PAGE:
We began this project with the goal of making biking safer. Bikers face many dangers on the road. For example, unless there is a bike lane, bikers must share roads with vehicles that are much bigger and often driven by distracted drivers increasing the risk of deadly collisions. Bikers must also adhere to the rules of the road, including speed limits, to make sure they are safe and do not cause any traffic disruptions. Our project is built around these safety concerns. We want bikes to be more visible, preventing collisions. And by providing feedback to riders, they can maintain a safe speed.
We used an Adafruit HUZZAH32 to control our system and code in C++ through the Arduino interface. The first piece of our system is LED headlights that turn on when it is dark outside. We attached a photoresistor to an analog read pin to detect changes in outside light. When the light is below a certain brightness a pair of LEDs illuminates.
We display the speed of the bike on a backlit LCD display. The LCD update code and the light detection code are in the main loop and run continuously. To help with displaying information on the LCD, we used the Arduino LiquidCrystal library.
Image: Soldering the LED headlights together.
To detect the speed of the bike, our board is connected to a reed switch which is mounted on the front wheel’s tire fork. The switch’s trigger is mounted to the wheel and closes the circuit when the tire makes a full rotation, then it triggers an interrupt.
We began to configure the reed switch by following amandaghassaei’s steps in her Instructables guide (see resources). Her project uses an Arduino Uno, so we could not use her code directly, but we set up code to figure out when the reed switch was opened or closed.
Image: Adafruit HUZZAH32
To calculate the MPH, we started with amandaghassaei’s strategy which uses a timer to check if the tire has made a complete rotation 1,000 times every second and then calculates speed using the time it took. Constantly using a timer interrupt limits our ability to add more peripherals which also use interrupts. Instead, our speedometer figures out how long it takes the wheel to make one rotation by saving the current time when the interrupt fires and then subtracts it from the time of the last called interrupt. Then it divides the distance of the circumference of the bike tire by the travel time.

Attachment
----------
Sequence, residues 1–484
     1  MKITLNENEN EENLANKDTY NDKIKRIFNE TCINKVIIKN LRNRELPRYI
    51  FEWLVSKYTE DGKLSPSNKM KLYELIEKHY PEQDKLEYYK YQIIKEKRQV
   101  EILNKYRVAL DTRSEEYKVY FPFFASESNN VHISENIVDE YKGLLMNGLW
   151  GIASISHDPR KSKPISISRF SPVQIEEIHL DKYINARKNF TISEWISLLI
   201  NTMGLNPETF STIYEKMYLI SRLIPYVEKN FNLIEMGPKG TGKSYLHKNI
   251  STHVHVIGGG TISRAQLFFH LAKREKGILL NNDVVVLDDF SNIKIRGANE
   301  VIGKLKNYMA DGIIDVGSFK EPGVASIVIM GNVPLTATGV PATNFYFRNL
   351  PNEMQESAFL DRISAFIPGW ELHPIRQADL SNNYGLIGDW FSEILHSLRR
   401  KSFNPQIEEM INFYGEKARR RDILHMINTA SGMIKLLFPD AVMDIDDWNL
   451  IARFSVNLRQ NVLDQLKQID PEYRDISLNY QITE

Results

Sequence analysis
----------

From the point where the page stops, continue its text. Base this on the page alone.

Other than the LCD, which only displays the current speed, the bike speedometer does not have a user interface! After the device is powered up, it does everything on its own.
Image: Our system not mounted on a bike.
We had difficulty creating an effective way of figuring out when the bike has stopped moving. Our speedometer only does speed calculations when the reed switch is triggered, so if the bike stops, the speedometer is stuck at the last calculated speed, waiting for the next interrupt to update the speed. We solved the problem by forcing the speed to zero if there has not been an interrupt after a certain amount of time.
We also had issues with the LCD. We originally displayed the speed on the bottom line of the display. Every time on startup, it would display 27.68 and then after a few seconds reset to 0. We thought the number was the MPH from the last time the board was on, but it was consistently 27. Also, the code sets the saved MPH to 0 on startup. Our first attempt at fixing the bug was to clear the board after initializing it and at the beginning of each loop. But this made the display hard to read. We decided that working with both lines of the display was causing the issues, so we moved all of the information to the first line. We are not sure why, but this gave us more control over what we were displaying, and we could set the displayed MPH to 0 on startup.
On the hardware side, the reed switch was difficult to rig onto the bike. The switch and the trigger need to be very close to each other in order to get a reading. On the bike we used for the prototype, the tire and the fork are farther than this minimum distance, so the speedometer could not make readings. We used foam and a lot of electrical tape to give the trigger a platform and put it in the range of the switch (see image).
We bought a 3.7V battery pack to power the board. But the display we use needs 5V so the system would not power up. To solve the problem, we power the speedometer with a 5V USB battery pack.
Created with images by Adafruit • Andrew Gook - "Beware of these Streets" • Luke van Zyl - "untitled image" • Luís Sousa - "COUNTERFEITING" • Robert Ruggiero - "Biking in the Snow"